Muscente shares expertise in article on fossil study
Assistant Professor of Geology Drew Muscente was recently quoted in an article in TheScientist, “890-Million-Year-Old Fossils Are Sponges, Oldest Animals: Study.”
It’s about a new study that suggests sponges could have existed hundreds of millions of years before scientists previously thought.
Muscente shared his expertise in the article about the findings:
“There’s room to be skeptical,” says Drew Muscente, a paleontologist at Cornell College in Iowa who did not participate in the study. His work has focused mostly on the skeletons that some sponges produce, called spicules, usually made of silica or calcium carbonate. “These are unambiguous structures that sponges produce, so you would imagine some sponge at some point in Earth’s history—perhaps the earliest sponges—had these structures that you identify,” he adds. It’s trickier to identify bath sponges because they do not produce spicules.
“Could these structures be sponges? Yes. Are we sure they’re sponges? I’m not,” Muscente adds, acknowledging that he may be “overly conservative,” but that the evidence is circumstantial at this point.
On the other hand, if researchers “embrace these structures as the oldest sponge fossils, it will help really shed light on, not just the origin of sponges, but the timing of the origin of animal life as a whole, because these would be the oldest animal fossils, period,” Muscente says.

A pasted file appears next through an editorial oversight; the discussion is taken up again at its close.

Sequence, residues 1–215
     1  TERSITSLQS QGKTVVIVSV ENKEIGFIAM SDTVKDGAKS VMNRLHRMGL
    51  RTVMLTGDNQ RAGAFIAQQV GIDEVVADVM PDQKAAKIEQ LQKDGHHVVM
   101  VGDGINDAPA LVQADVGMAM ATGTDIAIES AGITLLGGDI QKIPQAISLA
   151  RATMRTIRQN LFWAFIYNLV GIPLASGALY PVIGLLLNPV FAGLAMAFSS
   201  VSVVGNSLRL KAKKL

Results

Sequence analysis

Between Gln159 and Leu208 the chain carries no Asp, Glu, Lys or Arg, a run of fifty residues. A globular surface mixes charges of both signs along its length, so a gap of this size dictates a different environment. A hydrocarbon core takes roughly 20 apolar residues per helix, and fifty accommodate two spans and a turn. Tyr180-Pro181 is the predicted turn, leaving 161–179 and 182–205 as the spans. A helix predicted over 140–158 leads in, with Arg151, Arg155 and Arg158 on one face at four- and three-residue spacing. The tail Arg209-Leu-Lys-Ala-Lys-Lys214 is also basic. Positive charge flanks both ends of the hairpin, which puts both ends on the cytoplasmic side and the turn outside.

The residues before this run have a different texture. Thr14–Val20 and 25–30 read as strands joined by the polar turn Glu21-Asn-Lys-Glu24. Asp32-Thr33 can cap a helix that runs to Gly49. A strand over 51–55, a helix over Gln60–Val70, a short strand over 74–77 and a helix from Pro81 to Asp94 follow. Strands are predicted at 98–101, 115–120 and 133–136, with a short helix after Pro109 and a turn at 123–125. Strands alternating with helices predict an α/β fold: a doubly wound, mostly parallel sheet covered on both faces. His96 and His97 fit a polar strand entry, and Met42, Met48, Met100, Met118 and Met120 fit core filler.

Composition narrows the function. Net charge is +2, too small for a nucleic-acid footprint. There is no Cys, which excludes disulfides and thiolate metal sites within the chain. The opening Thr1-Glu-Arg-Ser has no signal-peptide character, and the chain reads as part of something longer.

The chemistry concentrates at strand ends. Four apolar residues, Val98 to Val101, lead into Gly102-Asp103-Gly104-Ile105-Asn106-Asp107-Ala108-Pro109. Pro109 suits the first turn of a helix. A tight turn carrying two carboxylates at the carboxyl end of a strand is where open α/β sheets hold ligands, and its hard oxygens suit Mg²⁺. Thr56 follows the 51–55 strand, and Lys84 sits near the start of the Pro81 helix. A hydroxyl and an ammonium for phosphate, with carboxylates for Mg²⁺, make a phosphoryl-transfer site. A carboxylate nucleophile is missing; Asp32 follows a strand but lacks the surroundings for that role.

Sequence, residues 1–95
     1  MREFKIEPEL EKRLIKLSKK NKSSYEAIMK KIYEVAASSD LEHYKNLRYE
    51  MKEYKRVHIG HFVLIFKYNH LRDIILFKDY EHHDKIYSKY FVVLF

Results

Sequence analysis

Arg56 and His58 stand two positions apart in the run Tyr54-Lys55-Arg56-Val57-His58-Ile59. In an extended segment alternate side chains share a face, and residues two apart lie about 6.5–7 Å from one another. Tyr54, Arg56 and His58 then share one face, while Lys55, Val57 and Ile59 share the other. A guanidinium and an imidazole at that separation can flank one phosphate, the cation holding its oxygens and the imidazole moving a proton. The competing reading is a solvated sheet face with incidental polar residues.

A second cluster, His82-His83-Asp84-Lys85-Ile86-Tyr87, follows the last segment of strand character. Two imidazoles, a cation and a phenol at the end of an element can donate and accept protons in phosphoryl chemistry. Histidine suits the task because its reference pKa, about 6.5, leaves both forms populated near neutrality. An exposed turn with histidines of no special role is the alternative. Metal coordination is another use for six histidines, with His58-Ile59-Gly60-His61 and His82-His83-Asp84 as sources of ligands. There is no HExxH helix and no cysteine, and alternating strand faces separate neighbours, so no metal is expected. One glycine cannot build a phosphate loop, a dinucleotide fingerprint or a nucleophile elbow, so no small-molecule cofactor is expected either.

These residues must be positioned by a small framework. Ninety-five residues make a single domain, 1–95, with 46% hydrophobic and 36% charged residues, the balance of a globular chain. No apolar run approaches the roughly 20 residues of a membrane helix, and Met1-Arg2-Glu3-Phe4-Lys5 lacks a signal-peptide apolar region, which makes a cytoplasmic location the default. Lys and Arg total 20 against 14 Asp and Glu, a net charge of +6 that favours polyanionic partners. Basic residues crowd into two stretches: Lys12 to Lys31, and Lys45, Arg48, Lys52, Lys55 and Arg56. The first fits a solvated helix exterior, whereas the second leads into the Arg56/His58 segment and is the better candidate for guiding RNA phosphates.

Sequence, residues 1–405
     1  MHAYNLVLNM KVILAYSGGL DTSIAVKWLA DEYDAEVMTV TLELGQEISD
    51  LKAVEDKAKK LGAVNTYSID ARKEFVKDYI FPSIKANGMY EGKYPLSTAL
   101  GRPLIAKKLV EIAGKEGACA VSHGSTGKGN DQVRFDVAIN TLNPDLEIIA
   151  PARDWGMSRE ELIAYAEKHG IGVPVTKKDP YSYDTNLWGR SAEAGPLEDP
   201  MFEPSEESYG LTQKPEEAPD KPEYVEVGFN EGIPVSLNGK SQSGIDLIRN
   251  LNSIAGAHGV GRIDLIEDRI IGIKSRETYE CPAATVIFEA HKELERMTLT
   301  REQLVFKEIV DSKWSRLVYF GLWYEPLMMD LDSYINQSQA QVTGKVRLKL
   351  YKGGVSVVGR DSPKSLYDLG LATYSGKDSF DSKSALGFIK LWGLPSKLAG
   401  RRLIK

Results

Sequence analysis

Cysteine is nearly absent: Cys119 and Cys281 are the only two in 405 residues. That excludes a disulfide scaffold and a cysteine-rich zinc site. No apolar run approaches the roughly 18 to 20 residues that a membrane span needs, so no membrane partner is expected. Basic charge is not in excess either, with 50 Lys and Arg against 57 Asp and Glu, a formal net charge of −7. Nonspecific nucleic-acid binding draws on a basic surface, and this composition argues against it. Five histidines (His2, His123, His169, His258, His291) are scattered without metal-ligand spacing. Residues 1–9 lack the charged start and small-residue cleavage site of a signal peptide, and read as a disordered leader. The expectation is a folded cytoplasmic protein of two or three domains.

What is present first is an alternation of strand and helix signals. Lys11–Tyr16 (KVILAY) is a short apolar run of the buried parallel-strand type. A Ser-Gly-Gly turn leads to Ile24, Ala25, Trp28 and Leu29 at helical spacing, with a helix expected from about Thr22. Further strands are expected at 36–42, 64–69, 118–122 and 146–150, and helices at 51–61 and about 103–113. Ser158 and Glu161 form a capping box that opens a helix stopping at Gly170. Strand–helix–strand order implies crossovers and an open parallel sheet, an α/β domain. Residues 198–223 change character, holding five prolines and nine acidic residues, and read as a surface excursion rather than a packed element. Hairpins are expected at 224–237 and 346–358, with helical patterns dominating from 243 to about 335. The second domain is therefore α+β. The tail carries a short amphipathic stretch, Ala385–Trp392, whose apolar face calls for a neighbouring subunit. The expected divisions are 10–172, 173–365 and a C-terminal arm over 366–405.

The geology professor and his Cornell College students study the fossil record to better understand the evolution and preservation of ancient marine animal life. This research involves a mix of field and laboratory work on fossil specimens as well as an array of computational methods applied to large databases.
According to TheScientist’s website, the magazine is a publication for life science professionals with articles published about cell and molecular biology, genetics, and other life-science fields.